“Foolishness has nothing to do with it,” the Empress said cooly. “My generosity is often met with such treachery by overly ambitious courtiers.”
Chopsticks clenched in hand, I met her eyes in a momentary lapse of restraint. “Why would I tell you if I wished to betray you?” I demanded. “My father’s life is in your hands. My brother is a soldier for the Imperial army. Do you think I care so little for my family’s welfare?” Then, remembering myself, I unclenched my fists, horrified, and lowered my eyes back down.
But my outburst was met by an unfamiliar, lilting sound. Laughter. The Empress was laughing. “I asked myself the very same questions,” she said. “Which is how I concluded that you must not be a spy. Or at least not one skilled enough to be of any threat.” She leaned forward, cupping her cheek in her hand. “However, I believe my ministers are justified in their suspicions. You knew of the attack before anyone else, and the question still remains: How?”
Her gaze overtook me, sweeping me up like the river’s swiftness so that I could not pull from its current. I met her eyes again, knowing that every moment I looked was a moment closer to drowning and yet I couldn’t look away. My will disappeared beneath the rush.
“I don’t entirely know how,” I admitted. “I don’t know how to explain it…”
“Try,” she persisted. The dark pools of her eyes swallowed me up, an undertow pulling me deeper.
“Sometimes…” I hesitated, reluctant, but the words slipped through. “Sometimes I sense messages in the patterns of my weaving. And very often, they turn out to be true.” I had never spoken it aloud before, and even to me it sounded absurd.
“Messages?” She still hadn’t looked away. Nor had she reprimanded me for my own brazen stare.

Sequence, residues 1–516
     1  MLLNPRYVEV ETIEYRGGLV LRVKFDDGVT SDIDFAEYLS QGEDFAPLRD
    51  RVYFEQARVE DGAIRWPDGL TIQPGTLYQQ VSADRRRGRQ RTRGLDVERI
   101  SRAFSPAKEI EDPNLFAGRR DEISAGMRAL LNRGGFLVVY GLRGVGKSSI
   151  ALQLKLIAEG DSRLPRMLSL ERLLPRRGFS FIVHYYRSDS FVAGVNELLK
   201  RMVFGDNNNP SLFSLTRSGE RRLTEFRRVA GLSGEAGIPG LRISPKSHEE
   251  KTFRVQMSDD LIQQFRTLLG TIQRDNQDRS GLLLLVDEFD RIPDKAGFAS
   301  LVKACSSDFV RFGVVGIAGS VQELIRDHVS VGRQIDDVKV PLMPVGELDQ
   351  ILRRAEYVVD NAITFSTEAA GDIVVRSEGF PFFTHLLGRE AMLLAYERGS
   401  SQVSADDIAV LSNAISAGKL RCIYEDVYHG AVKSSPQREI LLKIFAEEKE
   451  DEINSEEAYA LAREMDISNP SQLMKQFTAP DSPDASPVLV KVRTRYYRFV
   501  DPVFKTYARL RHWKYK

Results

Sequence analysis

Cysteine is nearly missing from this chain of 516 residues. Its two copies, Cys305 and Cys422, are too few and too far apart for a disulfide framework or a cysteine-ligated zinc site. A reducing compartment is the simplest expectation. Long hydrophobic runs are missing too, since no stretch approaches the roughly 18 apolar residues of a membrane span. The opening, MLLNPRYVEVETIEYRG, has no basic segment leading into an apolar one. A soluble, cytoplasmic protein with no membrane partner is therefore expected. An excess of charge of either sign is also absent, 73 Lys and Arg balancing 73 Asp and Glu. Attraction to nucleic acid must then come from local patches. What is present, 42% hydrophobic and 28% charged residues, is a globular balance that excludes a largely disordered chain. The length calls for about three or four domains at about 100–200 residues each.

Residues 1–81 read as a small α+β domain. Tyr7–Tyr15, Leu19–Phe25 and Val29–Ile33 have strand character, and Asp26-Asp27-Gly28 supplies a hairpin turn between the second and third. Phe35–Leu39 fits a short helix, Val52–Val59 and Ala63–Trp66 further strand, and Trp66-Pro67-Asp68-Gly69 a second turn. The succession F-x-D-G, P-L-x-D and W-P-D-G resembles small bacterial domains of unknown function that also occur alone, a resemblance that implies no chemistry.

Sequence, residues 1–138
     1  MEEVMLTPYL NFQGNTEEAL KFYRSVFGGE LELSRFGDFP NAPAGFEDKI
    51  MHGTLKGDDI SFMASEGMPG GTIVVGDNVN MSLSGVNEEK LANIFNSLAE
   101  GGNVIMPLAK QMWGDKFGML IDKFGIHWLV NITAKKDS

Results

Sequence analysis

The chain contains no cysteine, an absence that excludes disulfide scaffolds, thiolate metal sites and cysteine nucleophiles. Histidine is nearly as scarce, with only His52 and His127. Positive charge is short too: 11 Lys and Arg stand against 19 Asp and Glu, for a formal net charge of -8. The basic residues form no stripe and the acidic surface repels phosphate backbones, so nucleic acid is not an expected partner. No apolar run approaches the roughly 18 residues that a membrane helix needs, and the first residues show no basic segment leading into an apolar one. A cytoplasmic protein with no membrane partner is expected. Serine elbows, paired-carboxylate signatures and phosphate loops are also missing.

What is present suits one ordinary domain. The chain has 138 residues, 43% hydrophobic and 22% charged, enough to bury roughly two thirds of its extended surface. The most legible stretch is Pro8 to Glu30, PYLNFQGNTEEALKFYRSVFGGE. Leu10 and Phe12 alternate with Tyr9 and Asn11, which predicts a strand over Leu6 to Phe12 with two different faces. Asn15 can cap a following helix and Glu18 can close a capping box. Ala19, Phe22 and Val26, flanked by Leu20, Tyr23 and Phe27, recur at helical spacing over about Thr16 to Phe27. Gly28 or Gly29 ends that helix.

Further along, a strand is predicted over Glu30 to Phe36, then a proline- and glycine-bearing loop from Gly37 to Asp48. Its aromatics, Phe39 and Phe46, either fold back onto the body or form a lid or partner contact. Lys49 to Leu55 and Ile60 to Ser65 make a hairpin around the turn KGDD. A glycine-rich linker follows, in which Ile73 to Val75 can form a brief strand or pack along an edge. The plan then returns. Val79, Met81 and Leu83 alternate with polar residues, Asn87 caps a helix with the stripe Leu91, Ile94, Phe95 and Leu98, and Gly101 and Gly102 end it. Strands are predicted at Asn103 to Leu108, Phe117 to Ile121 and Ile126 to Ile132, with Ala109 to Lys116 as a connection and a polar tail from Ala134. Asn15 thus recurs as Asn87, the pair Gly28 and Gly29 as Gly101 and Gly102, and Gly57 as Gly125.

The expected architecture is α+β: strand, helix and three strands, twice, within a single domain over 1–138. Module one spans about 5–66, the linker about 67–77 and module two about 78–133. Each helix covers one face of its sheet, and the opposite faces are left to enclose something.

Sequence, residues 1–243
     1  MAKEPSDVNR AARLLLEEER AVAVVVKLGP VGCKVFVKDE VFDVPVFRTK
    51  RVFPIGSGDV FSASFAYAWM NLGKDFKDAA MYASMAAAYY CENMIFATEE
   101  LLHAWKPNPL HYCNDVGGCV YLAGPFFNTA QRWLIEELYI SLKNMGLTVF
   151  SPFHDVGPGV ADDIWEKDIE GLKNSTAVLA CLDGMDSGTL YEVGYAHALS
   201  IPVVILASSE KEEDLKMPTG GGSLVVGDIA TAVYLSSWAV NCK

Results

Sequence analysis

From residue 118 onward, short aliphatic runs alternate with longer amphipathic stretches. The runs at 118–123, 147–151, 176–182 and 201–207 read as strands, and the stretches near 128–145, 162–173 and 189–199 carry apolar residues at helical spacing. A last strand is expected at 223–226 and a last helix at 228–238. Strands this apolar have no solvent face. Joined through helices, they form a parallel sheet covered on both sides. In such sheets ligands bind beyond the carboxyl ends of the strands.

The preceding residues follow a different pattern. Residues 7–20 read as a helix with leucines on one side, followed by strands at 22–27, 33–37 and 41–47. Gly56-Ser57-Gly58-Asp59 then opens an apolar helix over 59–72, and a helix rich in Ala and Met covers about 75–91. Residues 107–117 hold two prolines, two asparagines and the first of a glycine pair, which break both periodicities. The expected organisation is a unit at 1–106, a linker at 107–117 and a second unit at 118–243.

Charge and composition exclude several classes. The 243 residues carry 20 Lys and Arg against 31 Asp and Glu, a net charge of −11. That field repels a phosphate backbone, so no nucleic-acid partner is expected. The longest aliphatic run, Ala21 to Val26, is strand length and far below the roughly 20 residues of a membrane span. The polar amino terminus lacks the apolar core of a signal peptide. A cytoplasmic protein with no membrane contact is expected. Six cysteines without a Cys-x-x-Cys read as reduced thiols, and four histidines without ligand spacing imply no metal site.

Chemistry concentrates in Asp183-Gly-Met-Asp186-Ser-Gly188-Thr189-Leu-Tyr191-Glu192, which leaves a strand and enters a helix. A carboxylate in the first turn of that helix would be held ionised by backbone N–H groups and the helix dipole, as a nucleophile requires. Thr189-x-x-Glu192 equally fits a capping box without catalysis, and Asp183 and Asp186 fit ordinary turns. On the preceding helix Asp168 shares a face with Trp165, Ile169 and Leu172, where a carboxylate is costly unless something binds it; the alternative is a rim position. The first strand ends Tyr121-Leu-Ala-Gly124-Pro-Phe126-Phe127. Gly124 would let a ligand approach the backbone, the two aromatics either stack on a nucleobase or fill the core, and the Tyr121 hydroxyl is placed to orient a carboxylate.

I continued. “Usually they only pertain to the seasons, things that may affect planting or harvest, but I have also received messages of a more… personal nature.”
“‘Personal’ how?” She posed the question seriously, as if she might believe me.
“Issues that affect me or those I care about. Like my mother’s pregnancy,” I explained. “And now this.” I swallowed hard, comprehending more completely the full implications of our conversation, of why we were having it. “Your Highness…” I ventured to ask a question of my own: “Is that to say that the Tibetans were successful in taking the Four Garrisons?”
She paused, lowering her gaze, breaking whatever spell she had over me. “No,” she said. “Though they did attack Kucha, my garrison commanders were able to hold them off.”
“But… my brother,” I began tentatively. “Was he—”
“Your brother, Wei Yingjie? Yes, he was there. The military courier remarked upon him explicitly,” the Empress cut in.
My heart sank into the depths of my stomach. “And is he… well?”
Upon reading the distress in my features, she offered a smile. “Very well, actually,” she stated cheerfully. “He is to be honored with a promotion for defending a Buddhist monastery during the attack. He took an arrow to the leg, but is expected to make a full recovery.”
At that, well-spring of pride burst in my chest. Here I had thought that my brother’s kind and gentle nature would prove only a hindrance to his military service. Instead, it had earned him honors beyond whatever I could have imagined for him.
“That being said,” the Empress rose to her feet, gliding around the perimeter of the table, “I believe you are owed a promotion as well.”
I blinked up at her, dumbfounded. Just earlier this morning, I was waiting to be put to torture. Now my fortune was making another turn in the air. “A promotion, Your Highness?”